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North Mara Gold Mine

North Mara Gold Mine is an open pit and underground gold mine in the Tarim District of the Mara Region of Tanzania. It is one of three gold mines of Acacia Mining plc, a London-listed company, operating in Tanzania, the other two being Bulyanhulu and Buzwagi Gold Mine.
Modern day gold mining in Tanzania dates back to the German colonial era, where the discovery of gold began near Lake Victoria in 1894. Work on Tanganyika’s first gold mine, the Sekenki Mine, began in 1909, and saw gold mining in Tanzania. boom between 1930 and World War II. By 1967, the country’s gold production fell to a negligible level, but it was revived in the mid-1970s, when the price of gold rose again. In the late 1990s, foreign mining companies began investing in the exploration and development of gold deposits in Tanzania, which led to the opening of a number of new mines.
The North Mara mine, which opened in 2002, consists of an active open pit (Niapyrama) and one active underground mine (Jokona), a processing plant, waste rock dumps, a waste containment pond, and other associated facilities. As of 2014, the mine had a life expectancy of 9 years remaining.
In 2009, Tanzanian Member of Parliament, Harrison Mwakimbe, demanded the closure of the Mara gold mine, because eighteen villagers from Nyamungu were killed due to contamination of the mine’s drinking water. In February 2010, the National Assembly of Tanzania ordered the government to complete a study to determine whether the North Mara gold mine was polluting the Tegeth River (the source of drinking water for more than 250,000 people), thus killing people and livestock, as it happened. mentioned. The government accepted the “principle” of conducting the study, stating that there was minimal environmental monitoring in the area because the National Environmental Management Board is very small, with only 20 environmental inspectors for the entire country.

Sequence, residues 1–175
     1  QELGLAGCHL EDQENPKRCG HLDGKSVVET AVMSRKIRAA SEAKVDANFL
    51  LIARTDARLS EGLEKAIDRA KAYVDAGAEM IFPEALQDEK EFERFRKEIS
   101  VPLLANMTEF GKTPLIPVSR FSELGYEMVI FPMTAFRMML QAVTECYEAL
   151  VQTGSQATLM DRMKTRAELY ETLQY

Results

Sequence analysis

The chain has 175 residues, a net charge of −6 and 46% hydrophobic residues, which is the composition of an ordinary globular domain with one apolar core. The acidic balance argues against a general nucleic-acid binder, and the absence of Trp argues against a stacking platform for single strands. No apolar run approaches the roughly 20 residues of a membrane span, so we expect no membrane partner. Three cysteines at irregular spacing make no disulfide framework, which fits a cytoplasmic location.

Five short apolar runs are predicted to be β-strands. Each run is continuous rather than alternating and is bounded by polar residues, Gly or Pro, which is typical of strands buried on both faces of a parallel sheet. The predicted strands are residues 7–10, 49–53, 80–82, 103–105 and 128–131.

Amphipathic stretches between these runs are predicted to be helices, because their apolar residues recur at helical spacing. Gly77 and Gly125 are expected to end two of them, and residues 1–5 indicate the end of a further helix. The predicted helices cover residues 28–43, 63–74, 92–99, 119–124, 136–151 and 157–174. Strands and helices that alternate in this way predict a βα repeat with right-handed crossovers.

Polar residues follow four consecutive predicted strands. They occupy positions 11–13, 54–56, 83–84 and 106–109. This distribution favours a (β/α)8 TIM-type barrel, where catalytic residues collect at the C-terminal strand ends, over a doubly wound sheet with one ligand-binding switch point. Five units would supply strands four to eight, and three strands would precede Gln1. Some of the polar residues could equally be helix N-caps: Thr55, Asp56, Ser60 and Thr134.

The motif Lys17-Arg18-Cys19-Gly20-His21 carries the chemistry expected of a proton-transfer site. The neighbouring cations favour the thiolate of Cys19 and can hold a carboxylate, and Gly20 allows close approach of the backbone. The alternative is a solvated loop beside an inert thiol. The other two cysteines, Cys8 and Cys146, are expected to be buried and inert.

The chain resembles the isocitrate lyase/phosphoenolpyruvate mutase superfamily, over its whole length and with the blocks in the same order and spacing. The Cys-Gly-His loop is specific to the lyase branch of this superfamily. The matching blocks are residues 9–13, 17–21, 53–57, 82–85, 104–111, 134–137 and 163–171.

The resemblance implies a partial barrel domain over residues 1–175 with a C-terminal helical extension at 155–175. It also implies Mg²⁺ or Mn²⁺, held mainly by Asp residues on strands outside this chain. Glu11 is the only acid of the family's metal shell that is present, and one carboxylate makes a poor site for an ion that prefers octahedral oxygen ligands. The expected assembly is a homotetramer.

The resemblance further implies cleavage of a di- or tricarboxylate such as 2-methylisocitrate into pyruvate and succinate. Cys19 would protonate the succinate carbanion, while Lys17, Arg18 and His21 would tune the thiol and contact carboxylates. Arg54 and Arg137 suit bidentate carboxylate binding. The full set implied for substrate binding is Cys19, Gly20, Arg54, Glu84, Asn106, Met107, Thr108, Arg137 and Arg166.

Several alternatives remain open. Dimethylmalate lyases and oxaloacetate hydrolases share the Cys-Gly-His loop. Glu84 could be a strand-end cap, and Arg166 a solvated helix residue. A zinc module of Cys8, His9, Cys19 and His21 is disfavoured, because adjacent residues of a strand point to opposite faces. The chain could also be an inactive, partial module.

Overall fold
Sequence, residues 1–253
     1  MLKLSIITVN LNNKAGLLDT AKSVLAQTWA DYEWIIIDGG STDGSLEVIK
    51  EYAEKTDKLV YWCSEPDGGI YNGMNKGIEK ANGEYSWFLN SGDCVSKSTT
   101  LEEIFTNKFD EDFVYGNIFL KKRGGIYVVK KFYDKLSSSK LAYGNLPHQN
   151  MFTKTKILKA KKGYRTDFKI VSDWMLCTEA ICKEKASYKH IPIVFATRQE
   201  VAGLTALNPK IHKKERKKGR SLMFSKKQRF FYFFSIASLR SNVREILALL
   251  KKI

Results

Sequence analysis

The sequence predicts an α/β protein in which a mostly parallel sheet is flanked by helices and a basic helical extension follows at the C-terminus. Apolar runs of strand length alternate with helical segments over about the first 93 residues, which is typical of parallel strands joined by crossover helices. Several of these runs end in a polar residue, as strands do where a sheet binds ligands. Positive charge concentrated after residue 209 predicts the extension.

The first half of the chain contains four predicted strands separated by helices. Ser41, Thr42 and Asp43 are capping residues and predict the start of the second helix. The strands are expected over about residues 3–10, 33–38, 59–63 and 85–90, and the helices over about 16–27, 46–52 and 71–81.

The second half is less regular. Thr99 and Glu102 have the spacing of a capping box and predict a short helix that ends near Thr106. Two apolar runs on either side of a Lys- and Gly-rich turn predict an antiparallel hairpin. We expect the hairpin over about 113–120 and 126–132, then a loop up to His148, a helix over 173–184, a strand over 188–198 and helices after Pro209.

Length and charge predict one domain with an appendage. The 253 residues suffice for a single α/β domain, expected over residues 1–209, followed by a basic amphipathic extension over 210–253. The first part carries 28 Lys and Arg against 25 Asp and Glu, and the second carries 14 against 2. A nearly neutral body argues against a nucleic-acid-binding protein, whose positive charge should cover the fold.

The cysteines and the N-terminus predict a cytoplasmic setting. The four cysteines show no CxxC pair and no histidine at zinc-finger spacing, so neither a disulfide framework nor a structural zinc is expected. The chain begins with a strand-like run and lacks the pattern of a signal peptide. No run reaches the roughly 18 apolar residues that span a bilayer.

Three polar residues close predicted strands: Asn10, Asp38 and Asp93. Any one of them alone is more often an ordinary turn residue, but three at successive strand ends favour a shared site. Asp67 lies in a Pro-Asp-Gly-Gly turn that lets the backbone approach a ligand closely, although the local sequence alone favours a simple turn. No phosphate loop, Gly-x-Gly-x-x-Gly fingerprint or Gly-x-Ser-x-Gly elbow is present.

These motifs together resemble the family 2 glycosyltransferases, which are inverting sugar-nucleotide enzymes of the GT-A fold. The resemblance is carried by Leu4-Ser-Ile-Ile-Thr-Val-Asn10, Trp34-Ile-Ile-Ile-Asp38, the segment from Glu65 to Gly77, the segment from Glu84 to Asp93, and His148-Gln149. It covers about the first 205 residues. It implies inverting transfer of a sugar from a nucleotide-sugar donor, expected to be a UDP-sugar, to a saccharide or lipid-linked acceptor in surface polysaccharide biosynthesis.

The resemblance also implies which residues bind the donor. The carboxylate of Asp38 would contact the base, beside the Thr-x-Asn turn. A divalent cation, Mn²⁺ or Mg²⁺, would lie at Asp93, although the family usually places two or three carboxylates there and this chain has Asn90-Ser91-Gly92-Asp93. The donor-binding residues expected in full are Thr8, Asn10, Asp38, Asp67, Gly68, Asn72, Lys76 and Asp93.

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In June 2010, the Tanzanian government declared the Tegeth River to be pollution-free, following changes made to the Barik Environmental Programme. The government stated that the water was safe to drink and suitable for human consumption. Barrick replaced 40,000 square meters (430,000 square feet) of lining inside the sewage pool, which they claim was destroyed by vandalism.
 
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